Manafort Resigns From Trump Campaign

Campaign chairman reportedly marginalized in shakeup earlier this week

Paul Manafort resigned as Donald Trump's campaign chairman Friday. His role was already seen as diminishing after a campaign shake-up earlier this week. (Tom Williams/CQ Roll Call file photo)

Paul Manafort, Donald Trump's campaign chairman, has resigned, the campaign announced in a statement Friday.

"This morning Paul Manafort offered, and I accepted, his resignation from the campaign," Trump said. "I am very appreciative for his great work in helping to get us where we are today, and in particular his guiding us through the delegate and convention process. Paul is a true professional and I wish him the greatest success." 

Manfort's role in the campaign was reportedly diminished this week with the Republican presidential nominee naming longtime adviser Kellyanne Conway as campaign manager and Breitbart's Stephen Bannon as chief executive.

Trump told The Wall Street Journal that he was making the changes because “I want to win. That’s why I’m bringing on fantastic people who know how to win and love to win.”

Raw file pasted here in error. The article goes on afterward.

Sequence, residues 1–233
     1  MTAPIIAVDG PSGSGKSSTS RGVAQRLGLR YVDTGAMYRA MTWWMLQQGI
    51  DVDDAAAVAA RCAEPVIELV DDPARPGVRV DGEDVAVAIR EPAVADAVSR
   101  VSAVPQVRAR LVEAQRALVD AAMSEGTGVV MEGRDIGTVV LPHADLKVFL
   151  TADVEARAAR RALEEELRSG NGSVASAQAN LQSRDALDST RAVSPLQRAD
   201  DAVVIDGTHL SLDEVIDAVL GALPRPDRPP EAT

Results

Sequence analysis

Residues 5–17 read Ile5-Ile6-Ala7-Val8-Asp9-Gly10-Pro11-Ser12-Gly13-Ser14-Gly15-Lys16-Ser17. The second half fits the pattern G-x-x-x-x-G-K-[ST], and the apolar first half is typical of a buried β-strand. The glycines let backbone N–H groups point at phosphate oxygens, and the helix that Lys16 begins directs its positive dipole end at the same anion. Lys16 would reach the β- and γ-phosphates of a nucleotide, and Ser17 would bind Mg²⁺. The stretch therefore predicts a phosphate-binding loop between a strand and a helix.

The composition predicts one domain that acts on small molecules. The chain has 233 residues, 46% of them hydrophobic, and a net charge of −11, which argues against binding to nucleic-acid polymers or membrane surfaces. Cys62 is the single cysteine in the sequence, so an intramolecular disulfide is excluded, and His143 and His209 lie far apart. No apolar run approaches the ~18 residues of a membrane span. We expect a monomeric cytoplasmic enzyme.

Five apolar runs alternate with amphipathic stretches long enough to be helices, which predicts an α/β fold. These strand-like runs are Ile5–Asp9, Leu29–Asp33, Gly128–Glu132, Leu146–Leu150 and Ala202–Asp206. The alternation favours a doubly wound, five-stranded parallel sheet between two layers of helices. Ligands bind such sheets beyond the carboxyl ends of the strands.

Friction reportedly developed between Manafort and Trump over the campaign's direction as his poll numbers fell against Democratic rival Hillary Clinton.

Manafort himself has been a distraction to the campaign over questions about his previous business dealings in Ukraine. 

[A Dangerous Gig: Working for Paul Manafort]

The Associated Press reported Wednesday that Manafort helped a pro-Russia group in Ukraine secretly route more than $2 million in payments to two Washington lobbying firms to try to influence U.S. policy.

On Friday, the AP reported that emails showed Manafort's company led the effort to sway American public opinion in favor of Ukraine's pro-Russian government.

According to the AP, Manafort and his deputy Rick Gates tried to gain positive coverage of Ukrainian politicians in newspapers like The New York Times and The Wall Street Journal.

The report also said Gates, who worked for Manafort at the time, directed Washington, D.C., law firms Mercury LLC and the Podesta Group to set up meetings between Ukrainian officials and members of Congress.

The Podesta Group was co-founded by Tony and John Podesta, who now serves as campaign chairman for Clinton.

The New York Times reported this week that handwritten ledgers designated $12.7 million in payments to Manafort from the pro-Russian party of former President Viktor Yanukovych.

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